It might be scary to spring for that pink mohair sofa, but audacity pays off in myriad ways. Choosing a vibrant color for your main piece of furniture will actually limit your options when it comes to designing the room—which can be a good thing if you find yourself paralyzed by indecision. Plus a bold piece will give your room presence.
Old-School Rule #3: Every living room needs a coffee table
How to break it: Lake Forest designer Lisa Wolfe says to start by figuring out what function a table needs to serve in your room. Some rooms need a place to display books and objects, while some just need a perch for cocktails.
Once you know what you need, you can discard what you don’t. If you don’t need a large storage piece in the center of the room, don’t have one. Wolfe loves to swap out the cumbersome cocktail table for an arrangement of smaller pieces: “They meet the functional requirements but are also incredibly flexible,” she says. “And if you pull it off well, it looks artistically sculptural.”
Old-School Rule #4: Just one leather piece per room
How to break it: Leather is a practical material and lends depth and character to any environment, but a suite of leather furniture can give off a cheesy bachelor-pad vibe. The trick to avoiding this look is to mix leather pieces to keep it interesting, according to Chicago design team Cari Giannoulias and Melissa Lewis. Skip the matching altogether, and instead pair sleek modern leather with something vintage and patinaed.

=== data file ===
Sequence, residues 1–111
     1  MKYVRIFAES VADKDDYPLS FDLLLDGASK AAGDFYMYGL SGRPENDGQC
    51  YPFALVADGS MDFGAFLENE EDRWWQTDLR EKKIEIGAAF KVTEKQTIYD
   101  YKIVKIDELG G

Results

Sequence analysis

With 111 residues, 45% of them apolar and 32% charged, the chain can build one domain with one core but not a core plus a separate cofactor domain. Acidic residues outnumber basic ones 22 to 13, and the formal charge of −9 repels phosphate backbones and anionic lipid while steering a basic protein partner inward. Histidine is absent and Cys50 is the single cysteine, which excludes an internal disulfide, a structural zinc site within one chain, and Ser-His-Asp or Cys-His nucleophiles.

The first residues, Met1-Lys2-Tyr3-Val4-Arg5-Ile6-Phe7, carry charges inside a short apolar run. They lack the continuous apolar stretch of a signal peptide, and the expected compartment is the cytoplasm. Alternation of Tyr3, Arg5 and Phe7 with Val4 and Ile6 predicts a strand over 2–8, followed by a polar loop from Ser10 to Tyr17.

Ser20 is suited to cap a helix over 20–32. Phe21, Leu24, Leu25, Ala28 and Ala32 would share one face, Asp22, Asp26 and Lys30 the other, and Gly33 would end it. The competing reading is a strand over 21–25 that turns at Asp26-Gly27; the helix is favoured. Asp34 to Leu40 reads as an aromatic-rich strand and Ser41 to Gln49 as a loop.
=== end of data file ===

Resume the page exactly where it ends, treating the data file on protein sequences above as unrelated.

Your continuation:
“By incorporating two different feels, the leathers complement each other instead of fighting for the viewer’s attention,” Lewis says.
Old-School Rule #5: Avoid too many patterns in a small space
How to break it: When employed strategically, richly layered patterns can be symphonic and utterly luxurious in a small space. Beth Boyd of Highland Park’s Wiley Designs explains, “Blending different patterns together successfully…is largely about changing up the scale of the patterns as well as changing the patterns themselves.” She suggests mixing stripes with florals and geometric patterns in a variety of sizes.
“Color intensity is another element to consider,” Boyd says. “Select a palette with one or two deeper colors and the balance of the colors in softer hues.”
Old-School Rule #6: Living rooms must have sofas
How to break it: For many of us, this is not a just a design rule, but an unquestionable truth. Yet, there’s more than one way to sit and chat! Chicago designer Kim Scodro says a large sofa can weigh down a room. A grouping of chairs, on the other hand, creates an intimate atmosphere without forcing guests to sit in an awkward lineup, and affords you greater variety in your materials.
“…By using two sets of chairs, [you are] able to introduce different fabric and wood tones that a large sofa would not allow,” Scodro says.